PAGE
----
Monday, July 11, 2005

Objectifying the Web

REST versus Object-Orientation (and a little python) "From my perspective, the concepts of Object Orientation (OO) and REST are comparable. They both seek to identify "things" that correspond to something you can about and interact with as a unit. In OO we call it an object. In REST we call it a resource. Both OO and REST allow some form of abstraction. You can replace one object with another of the same class or of the same type without changing how client code interacts with the object. The type is a common abstraction that represents any suitable object equally well."

REST and Object Orientation via OWL "So the most important aspect of RESTful programming as Benjamin points out is that now all objects are universally nameable and universally accessible. A few simple verbs allow us to create, delete and change the state of these resources. Access Control Lists allow fine tuning of responsibilities for a resource. And OWL gives us the Object Oriented conceptual structure to predict and understand the content of these resources and how they relate to others."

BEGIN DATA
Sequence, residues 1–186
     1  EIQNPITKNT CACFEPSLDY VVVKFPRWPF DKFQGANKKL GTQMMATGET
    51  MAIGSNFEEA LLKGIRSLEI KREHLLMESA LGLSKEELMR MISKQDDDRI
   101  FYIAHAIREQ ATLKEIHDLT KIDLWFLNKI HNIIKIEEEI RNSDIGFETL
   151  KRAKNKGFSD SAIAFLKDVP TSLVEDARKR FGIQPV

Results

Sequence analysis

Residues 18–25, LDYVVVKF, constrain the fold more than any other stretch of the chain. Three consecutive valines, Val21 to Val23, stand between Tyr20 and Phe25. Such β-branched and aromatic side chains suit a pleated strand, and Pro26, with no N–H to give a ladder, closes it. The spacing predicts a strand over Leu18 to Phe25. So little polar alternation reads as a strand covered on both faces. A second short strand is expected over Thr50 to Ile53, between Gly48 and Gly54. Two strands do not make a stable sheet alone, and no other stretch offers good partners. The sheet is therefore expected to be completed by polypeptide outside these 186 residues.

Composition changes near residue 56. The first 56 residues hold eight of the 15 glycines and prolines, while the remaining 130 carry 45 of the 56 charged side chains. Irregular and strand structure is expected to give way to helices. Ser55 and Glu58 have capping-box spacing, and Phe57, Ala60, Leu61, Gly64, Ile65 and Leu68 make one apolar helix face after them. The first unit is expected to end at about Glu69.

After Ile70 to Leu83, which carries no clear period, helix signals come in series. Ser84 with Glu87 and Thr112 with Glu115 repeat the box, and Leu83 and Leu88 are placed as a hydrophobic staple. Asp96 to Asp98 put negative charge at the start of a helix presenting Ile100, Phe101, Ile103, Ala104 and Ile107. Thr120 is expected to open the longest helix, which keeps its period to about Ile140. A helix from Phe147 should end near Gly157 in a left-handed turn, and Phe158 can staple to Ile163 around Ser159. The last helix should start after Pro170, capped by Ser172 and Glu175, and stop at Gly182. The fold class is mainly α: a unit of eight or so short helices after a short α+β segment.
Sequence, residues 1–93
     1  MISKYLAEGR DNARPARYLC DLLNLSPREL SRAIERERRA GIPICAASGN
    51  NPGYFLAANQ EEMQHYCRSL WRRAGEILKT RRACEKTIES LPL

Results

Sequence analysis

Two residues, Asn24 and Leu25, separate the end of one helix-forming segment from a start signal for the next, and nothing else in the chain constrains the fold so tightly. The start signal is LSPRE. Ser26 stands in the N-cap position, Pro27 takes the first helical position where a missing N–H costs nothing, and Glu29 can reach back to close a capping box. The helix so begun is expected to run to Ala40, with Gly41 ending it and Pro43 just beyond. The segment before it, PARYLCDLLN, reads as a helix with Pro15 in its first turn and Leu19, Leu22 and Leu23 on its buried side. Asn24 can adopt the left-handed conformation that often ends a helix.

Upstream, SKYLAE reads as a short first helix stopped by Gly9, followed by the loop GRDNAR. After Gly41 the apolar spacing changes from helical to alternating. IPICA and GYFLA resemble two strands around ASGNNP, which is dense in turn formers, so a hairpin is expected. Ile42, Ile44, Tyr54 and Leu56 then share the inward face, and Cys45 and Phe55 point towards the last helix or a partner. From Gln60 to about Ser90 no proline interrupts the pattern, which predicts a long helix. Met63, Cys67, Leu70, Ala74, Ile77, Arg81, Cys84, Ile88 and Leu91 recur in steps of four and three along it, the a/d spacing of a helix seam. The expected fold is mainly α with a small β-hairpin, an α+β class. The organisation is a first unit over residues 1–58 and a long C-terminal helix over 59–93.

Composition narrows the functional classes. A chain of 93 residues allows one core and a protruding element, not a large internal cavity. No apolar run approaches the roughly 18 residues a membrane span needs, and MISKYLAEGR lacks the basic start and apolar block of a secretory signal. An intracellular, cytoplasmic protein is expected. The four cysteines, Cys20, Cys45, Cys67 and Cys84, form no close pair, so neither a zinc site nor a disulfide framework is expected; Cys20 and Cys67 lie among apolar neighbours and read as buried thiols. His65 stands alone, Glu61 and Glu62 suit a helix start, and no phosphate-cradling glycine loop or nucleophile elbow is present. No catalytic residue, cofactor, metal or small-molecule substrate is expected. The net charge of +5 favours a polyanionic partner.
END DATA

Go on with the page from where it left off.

People seem to forget that method calls in Java or whatever can be considered message passing. What could be more OO than REST? GET isn't analogous to "getFoo" or "getBar" on a JavaBean object. The semantics behind GET/POST/PUT/DELETE is better thought of as how you are changing the object (related to Create Retrieve Update Delete (CRUD)). What could be more RESTful than OO?

The Dining Philosophers in REST "...it's trivial to encapsulate transactions into a single atomic exchange, and exposing those encapsulations as first class entities is generally a pretty good idea. And it certainly fits with the REST model of the world. MUCH more so, in fact, than RPC, as it forces one to aggregate those operations in the server design rather than leaving it open to the client to abuse. In fact, I'd even say that doing so is critical to the ability to build workable distributed systems."

Also related "Using RDF to improve Object-First Development".
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